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1 definition found
 for to get one''s back up
From The Collaborative International Dictionary of English v.0.48 :

  Back \Back\ (b[a^]k), n. [AS. b[ae]c, bac; akin to Icel., Sw., &
     LG. bak, Dan. bag; cf. OHG. bahho ham, Skr. bhaj to turn,
     OSlav. b[=e]g[u^] flight. Cf. Bacon.]
     1. In human beings, the hinder part of the body, extending
        from the neck to the end of the spine; in other animals,
        that part of the body which corresponds most nearly to
        such part of a human being; as, the back of a horse, fish,
        or lobster.
        [1913 Webster]
  
     2. An extended upper part, as of a mountain or ridge.
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              [The mountains] their broad bare backs upheave
              Into the clouds.                      --Milton.
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     3. The outward or upper part of a thing, as opposed to the
        inner or lower part; as, the back of the hand, the back of
        the foot, the back of a hand rail.
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              Methought Love pitying me, when he saw this,
              Gave me your hands, the backs and palms to kiss.
                                                    --Donne.
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     4. The part opposed to the front; the hinder or rear part of
        a thing; as, the back of a book; the back of an army; the
        back of a chimney.
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     5. The part opposite to, or most remote from, that which
        fronts the speaker or actor; or the part out of sight, or
        not generally seen; as, the back of an island, of a hill,
        or of a village.
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     6. The part of a cutting tool on the opposite side from its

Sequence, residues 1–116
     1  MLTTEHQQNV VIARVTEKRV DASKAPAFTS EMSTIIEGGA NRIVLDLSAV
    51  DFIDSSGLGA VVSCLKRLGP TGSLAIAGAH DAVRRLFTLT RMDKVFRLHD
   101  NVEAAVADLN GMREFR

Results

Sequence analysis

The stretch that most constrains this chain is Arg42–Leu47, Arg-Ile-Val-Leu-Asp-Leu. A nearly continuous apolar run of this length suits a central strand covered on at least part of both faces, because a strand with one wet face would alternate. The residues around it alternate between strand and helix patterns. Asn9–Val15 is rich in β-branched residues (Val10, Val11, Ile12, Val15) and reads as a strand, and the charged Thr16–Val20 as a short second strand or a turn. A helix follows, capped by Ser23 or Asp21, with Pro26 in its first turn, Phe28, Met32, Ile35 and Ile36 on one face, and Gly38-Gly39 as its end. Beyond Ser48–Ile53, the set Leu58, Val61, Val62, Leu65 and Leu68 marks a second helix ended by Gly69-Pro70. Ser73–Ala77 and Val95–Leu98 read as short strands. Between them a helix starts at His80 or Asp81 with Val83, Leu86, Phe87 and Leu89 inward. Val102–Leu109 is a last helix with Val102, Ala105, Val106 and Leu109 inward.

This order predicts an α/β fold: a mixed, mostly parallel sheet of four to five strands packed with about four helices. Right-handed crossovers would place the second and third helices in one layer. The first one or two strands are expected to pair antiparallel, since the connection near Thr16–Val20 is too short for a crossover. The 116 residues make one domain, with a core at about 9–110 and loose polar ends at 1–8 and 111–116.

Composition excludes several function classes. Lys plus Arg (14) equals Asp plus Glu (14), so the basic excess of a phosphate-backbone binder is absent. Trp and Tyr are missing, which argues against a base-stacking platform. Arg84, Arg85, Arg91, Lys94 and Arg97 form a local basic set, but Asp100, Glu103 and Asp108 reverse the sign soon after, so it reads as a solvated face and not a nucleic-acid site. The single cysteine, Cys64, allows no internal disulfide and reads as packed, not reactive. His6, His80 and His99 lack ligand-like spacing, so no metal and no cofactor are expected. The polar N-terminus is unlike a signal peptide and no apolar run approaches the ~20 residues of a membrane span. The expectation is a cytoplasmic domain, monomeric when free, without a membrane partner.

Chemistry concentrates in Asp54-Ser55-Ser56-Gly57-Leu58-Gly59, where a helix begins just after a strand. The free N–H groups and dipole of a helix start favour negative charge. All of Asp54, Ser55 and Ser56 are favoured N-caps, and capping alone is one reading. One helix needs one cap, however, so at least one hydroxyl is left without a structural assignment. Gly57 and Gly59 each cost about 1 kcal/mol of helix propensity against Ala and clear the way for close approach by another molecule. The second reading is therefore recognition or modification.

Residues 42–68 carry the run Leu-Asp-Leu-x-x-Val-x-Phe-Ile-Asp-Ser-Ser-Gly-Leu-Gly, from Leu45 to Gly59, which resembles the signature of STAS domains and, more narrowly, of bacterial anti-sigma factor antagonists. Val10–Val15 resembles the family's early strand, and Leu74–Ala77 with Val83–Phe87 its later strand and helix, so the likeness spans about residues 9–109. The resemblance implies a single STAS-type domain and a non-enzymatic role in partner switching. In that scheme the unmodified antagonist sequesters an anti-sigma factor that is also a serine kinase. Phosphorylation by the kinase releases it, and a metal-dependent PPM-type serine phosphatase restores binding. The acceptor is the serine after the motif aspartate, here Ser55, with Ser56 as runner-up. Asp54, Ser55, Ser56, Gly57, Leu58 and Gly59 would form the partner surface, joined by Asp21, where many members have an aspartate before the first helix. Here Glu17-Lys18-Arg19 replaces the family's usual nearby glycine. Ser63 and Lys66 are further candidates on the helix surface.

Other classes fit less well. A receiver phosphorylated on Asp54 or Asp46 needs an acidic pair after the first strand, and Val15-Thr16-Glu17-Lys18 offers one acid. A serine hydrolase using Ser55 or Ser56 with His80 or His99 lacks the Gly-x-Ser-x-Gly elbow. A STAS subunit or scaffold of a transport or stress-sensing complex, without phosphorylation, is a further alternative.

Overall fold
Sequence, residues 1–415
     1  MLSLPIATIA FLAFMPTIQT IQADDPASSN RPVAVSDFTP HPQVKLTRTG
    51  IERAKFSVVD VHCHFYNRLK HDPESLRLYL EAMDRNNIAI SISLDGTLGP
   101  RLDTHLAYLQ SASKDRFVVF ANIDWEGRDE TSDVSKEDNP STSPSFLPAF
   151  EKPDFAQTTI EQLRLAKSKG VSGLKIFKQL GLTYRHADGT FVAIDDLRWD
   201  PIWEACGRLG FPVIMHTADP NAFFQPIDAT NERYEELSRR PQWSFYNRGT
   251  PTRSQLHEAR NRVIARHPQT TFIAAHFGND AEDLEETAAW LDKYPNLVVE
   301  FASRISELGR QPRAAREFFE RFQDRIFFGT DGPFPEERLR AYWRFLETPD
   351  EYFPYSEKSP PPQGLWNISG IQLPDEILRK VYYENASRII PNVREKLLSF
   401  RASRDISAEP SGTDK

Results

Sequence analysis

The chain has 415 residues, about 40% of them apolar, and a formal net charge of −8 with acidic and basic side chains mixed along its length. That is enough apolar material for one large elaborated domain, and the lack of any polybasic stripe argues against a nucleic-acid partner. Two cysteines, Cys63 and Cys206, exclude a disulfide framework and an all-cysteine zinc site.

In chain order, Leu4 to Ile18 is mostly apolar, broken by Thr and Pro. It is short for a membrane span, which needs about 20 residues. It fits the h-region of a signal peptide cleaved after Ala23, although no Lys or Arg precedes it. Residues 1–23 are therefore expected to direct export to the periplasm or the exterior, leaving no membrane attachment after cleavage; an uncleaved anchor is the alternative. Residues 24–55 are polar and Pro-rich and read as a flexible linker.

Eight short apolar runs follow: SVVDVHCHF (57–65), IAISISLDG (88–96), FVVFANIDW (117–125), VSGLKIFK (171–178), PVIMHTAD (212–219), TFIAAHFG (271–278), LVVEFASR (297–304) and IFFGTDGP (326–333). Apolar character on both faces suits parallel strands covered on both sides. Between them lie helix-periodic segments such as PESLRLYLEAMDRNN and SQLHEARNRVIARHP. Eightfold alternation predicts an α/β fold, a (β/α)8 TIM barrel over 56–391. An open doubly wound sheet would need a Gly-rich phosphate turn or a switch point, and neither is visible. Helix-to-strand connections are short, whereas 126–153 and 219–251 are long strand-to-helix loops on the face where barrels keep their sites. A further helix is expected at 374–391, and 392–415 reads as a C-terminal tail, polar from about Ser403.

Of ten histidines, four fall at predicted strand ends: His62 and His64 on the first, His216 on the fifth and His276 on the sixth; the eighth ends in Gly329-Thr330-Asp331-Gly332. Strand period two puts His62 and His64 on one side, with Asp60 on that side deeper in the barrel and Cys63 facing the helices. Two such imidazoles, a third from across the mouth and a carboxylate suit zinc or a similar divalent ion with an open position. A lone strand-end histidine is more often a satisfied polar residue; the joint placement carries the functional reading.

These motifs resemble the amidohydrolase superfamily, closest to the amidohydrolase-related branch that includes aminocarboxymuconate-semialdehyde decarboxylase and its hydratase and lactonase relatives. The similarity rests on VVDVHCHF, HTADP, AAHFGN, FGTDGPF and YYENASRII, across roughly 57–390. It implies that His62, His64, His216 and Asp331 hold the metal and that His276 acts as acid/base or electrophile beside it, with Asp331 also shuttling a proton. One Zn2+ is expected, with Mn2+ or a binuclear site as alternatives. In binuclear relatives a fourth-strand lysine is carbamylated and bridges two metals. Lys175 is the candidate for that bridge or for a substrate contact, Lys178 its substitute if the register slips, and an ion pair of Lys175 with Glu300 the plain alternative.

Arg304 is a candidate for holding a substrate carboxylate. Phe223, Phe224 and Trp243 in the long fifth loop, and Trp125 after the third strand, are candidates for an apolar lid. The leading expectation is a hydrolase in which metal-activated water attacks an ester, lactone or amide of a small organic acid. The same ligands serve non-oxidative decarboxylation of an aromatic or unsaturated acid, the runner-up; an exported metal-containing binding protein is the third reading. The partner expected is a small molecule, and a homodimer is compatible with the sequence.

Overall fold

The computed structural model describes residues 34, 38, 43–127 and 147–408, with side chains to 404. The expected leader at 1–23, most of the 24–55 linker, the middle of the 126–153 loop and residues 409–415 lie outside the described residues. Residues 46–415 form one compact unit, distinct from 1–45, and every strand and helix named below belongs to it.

edge; as, the back of a knife, or of a saw.
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     7. A support or resource in reserve.
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              This project
              Should have a back or second, that might hold,
              If this should blast in proof.        --Shak.
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     8. (Naut.) The keel and keelson of a ship.
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     9. (Mining) The upper part of a lode, or the roof of a
        horizontal underground passage.
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     10. A garment for the back; hence, clothing. [Obs.]
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               A bak to walken inne by daylight.    --Chaucer.
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     Behind one's back, when one is absent; without one's
        knowledge; as, to ridicule a person behind his back.
  
     Full back, Half back, Quarter back (Football), players
        stationed behind those in the front line.
  
     To be on one's back or To lie on one's back, to be
        helpless.
  
     To put one's back up or to get one's back up, to assume
        an attitude of obstinate resistance (from the action of a
        cat when attacked). [Colloq.]
  
     To see the back of, to get rid of.
  
     To turn the back, to go away; to flee.
  
     To turn the back on one, to forsake or neglect him.
        [1913 Webster]

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